“When there’s an article about us, there’s always one person who’s like, ‘IT’S A SCAM,’” he confessed. “[Gradually releasing each part of the game and then combining them into one] is a conscious plan. I mean, I’m building a really big game. If you ask people what they want, they’ll tell you they want the best game possible. But if you take a look at Blizzard or Valve or Irrational or Rockstar, those guys all make games people love. But then, people are still asking where Half-Life 3 is. These companies are like, ‘It’s done when it’s done.’ When some of the best in the business can’t run to some preordained schedule, [it says a lot about how this stuff ends up working out].”

“My hope and goal is that, because I share the process and fans see it happening, that when we have to make choices like that, we have different information than we did at the start of the process. People are like, ‘OK, I get it. I mean, it sucks and I wish I had it now, but this is better for the final game. Plus, I’ve already got stuff and I’m seeing what you’re doing and delivering. I’m getting new content.’”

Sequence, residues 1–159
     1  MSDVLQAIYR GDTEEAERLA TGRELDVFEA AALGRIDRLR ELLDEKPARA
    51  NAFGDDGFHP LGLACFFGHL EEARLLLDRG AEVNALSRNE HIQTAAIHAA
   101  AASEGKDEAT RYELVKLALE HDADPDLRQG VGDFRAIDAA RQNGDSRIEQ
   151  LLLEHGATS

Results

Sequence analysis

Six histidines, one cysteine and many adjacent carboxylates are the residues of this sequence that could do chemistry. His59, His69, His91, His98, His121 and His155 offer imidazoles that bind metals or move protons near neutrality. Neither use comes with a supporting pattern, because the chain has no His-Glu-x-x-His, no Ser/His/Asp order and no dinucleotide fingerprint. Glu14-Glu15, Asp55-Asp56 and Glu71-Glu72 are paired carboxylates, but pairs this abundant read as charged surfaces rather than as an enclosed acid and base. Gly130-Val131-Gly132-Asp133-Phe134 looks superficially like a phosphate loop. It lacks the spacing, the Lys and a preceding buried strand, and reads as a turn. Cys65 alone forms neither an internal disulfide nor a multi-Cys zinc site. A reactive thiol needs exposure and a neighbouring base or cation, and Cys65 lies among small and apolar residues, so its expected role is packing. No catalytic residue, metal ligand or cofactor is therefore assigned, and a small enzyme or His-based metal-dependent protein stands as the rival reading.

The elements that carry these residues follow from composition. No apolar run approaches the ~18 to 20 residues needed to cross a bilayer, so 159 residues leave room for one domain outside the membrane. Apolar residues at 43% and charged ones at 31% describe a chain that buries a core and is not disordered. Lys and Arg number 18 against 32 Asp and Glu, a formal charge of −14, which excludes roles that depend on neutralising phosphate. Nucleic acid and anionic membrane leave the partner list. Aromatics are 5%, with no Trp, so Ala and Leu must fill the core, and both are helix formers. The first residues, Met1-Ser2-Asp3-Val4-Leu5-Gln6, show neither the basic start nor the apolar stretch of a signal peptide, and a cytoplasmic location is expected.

He noted, then, that the current Star Citizen/Squadron 42 release schedule is very tentative, and already some pieces are getting jostled by (so far) minor patches of turbulence. The dogfighting module, for instance, will launch at the end of 2013 no matter what, but it might not include multiplayer until early next year. Reason being, RSI has the option of either running CryEngine’s stock multiplayer code or implementing Star Citizen’s full MMO-ready backend. At the moment, Roberts is leaning toward the latter, as it’ll allow stress testing pretty much from the get-go. So long, launch day server troubles – at least, in theory.

“That’s the decision that, if you go for the proper system, it’s much better for the game long-term,” he said. “But that means people aren’t playing multiplayer dogfights by Christmas. They’ll be able to play against AI or fly their ships around, but I think that may be the choice that I make. It’s better for the final game.”